When looking for a new neighborhood to live in, especially in a foreign area, you might look up local crime rates, local school ratings, or maybe even local restaurants. Onboard Informatics has been pioneering the data behind these categories as we understand these variables can factor into the difference between a sold home and a vacant house. But what if we could go another step further and directly look up a neighborhood’s local happiness level? By applying a simple filter to narrow down and organize two weeks worth of 603,954 tweets across the larger New York City Metropolitan area, this is now possible for NYC’s eight million inhabitants.
New England Complex Systems Institute has recently utilized Twitter as a means to quantify and map out NYC’s geographical happiness and sadness levels. By applying a simple filter, mainly including variations of smiley and frowny faces (as shown below), the institute was able to take Lifestyle Searches to the next level by producing an accurate map of where NYC’s most miserable locations are as well as its happiest.
Understandably, the least happy settings are in major transportation hubs, including Penn Station, the Brooklyn Bridge, and LaGuardia airport. The number one saddest place in NYC is Maspeth Creek, accredited to its 15-foot-thick layer of oil and petroleum-based pollution referred to as “black mayonnaise”. Conversely, more pleasant areas include Central Park and the New York Botanical Garden while the number one happiest place in New York City is Times Square. In fact, Times Square is such a happy spot that tweets became gradually sadder as they distance further away from the tourist hub.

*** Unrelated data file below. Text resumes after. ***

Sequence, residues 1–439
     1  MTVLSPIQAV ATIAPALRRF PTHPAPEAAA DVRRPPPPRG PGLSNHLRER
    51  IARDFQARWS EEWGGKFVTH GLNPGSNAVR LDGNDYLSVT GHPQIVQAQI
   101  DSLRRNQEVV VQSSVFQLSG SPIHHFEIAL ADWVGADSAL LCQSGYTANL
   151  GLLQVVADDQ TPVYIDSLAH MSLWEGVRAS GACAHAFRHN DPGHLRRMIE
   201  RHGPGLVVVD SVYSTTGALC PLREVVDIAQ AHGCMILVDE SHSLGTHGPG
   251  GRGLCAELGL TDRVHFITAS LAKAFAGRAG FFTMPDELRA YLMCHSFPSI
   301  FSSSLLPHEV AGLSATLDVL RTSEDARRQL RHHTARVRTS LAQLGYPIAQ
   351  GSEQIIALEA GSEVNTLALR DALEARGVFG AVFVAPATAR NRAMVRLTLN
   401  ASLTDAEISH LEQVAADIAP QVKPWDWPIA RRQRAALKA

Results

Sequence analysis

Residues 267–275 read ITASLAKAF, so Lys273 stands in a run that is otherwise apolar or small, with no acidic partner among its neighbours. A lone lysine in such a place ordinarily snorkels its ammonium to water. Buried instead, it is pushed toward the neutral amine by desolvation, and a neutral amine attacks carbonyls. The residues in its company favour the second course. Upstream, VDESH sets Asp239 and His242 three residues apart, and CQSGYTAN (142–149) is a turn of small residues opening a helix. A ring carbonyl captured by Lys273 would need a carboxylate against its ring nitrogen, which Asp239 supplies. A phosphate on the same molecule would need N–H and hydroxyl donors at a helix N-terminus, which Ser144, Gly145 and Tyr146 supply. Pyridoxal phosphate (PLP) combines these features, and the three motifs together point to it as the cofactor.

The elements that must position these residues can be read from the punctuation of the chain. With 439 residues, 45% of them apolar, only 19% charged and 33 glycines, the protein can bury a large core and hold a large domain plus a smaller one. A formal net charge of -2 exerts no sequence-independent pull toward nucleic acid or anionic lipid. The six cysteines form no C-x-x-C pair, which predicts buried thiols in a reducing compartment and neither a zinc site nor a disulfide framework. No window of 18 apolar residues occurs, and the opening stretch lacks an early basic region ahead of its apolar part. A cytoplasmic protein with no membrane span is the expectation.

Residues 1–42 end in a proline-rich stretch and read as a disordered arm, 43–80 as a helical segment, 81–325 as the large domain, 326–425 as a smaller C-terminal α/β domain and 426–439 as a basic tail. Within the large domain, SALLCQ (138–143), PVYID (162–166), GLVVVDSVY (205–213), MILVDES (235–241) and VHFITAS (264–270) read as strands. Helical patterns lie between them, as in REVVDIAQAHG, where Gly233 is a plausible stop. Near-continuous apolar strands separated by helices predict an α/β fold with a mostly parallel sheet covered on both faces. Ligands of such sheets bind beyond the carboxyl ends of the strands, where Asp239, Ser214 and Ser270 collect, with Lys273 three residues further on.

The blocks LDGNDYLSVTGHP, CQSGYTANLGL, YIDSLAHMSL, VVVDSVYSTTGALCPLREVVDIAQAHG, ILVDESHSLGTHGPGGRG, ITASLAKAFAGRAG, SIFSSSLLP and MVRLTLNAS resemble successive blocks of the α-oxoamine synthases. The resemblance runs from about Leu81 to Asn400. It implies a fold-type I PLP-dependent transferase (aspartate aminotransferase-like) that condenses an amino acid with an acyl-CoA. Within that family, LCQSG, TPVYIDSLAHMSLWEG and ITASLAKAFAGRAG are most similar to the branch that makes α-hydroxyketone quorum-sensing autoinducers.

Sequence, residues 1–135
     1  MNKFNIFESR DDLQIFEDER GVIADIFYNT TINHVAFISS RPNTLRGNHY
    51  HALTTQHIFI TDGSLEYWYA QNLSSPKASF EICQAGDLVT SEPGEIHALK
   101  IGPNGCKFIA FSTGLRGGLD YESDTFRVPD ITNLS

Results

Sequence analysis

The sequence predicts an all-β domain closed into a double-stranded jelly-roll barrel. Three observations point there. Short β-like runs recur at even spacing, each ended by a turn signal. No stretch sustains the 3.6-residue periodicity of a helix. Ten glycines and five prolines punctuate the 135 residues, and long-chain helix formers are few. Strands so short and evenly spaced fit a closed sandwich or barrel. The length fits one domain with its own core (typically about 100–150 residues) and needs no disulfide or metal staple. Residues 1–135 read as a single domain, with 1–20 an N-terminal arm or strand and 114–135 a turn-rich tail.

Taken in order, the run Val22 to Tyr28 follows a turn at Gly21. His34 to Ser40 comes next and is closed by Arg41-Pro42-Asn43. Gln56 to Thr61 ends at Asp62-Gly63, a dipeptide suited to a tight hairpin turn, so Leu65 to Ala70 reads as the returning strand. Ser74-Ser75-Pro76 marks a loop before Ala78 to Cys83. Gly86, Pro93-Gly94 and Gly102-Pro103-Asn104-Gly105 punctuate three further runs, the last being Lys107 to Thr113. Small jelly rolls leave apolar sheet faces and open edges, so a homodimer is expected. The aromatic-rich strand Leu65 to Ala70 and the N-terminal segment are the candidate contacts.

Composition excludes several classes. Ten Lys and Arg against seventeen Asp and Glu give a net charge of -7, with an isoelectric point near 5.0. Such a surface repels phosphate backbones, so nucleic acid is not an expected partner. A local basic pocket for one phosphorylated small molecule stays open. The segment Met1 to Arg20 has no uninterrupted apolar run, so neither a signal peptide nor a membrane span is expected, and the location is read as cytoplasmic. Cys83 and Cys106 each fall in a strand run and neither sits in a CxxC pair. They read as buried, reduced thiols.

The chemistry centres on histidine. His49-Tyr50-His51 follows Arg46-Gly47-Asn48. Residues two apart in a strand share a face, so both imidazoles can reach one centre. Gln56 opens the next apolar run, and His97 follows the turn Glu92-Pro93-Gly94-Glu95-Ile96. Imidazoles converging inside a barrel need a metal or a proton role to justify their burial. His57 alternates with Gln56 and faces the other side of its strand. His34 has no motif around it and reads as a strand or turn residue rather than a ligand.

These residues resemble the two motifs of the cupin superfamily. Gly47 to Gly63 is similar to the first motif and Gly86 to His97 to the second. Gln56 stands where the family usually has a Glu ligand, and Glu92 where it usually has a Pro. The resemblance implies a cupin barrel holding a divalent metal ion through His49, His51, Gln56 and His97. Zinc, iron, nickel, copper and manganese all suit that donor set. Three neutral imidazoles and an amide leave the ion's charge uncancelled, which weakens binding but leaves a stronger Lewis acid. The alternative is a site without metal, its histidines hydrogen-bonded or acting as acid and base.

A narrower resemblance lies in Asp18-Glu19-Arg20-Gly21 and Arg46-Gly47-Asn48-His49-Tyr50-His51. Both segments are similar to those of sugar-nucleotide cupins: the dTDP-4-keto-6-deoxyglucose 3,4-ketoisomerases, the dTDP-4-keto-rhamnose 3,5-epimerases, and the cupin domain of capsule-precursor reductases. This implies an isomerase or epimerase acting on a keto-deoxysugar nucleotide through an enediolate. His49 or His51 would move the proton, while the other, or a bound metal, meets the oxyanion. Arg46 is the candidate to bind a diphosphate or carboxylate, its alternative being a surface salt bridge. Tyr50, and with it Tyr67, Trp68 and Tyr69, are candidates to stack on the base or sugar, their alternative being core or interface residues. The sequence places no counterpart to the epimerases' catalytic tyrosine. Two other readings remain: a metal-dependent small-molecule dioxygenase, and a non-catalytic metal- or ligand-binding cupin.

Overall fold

This innovation and resourceful mapping tactic is one of the many ways to personalize your content, stand out from the competition, and engage more traffic on your platform. Here at Onboard Informatics, we are working with clients to bring new innovations to Lifestyle Search. If you're looking for ideas and solutions that match your strategy, don't hesitate to reach out.
Image Credit: Andreas Eldh on Flickr.com